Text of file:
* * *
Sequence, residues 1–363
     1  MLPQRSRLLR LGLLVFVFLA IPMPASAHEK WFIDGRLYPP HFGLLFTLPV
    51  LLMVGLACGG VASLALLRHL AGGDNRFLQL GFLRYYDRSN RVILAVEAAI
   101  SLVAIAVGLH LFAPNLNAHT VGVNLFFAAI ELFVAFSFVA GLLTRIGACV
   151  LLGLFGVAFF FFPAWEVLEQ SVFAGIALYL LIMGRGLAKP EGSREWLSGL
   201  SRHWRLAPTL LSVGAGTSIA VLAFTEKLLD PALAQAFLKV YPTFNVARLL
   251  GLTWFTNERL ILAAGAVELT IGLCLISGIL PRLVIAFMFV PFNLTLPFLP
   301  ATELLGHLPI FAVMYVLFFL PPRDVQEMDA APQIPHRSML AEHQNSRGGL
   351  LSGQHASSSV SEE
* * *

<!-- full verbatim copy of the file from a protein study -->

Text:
Sequence, residues 1–363
     1  MLPQRSRLLR LGLLVFVFLA IPMPASAHEK WFIDGRLYPP HFGLLFTLPV
    51  LLMVGLACGG VASLALLRHL AGGDNRFLQL GFLRYYDRSN RVILAVEAAI
   101  SLVAIAVGLH LFAPNLNAHT VGVNLFFAAI ELFVAFSFVA GLLTRIGACV
   151  LLGLFGVAFF FFPAWEVLEQ SVFAGIALYL LIMGRGLAKP EGSREWLSGL
   201  SRHWRLAPTL LSVGAGTSIA VLAFTEKLLD PALAQAFLKV YPTFNVARLL
   251  GLTWFTNERL ILAAGAVELT IGLCLISGIL PRLVIAFMFV PFNLTLPFLP
   301  ATELLGHLPI FAVMYVLFFL PPRDVQEMDA APQIPHRSML AEHQNSRGGL
   351  LSGQHASSSV SEE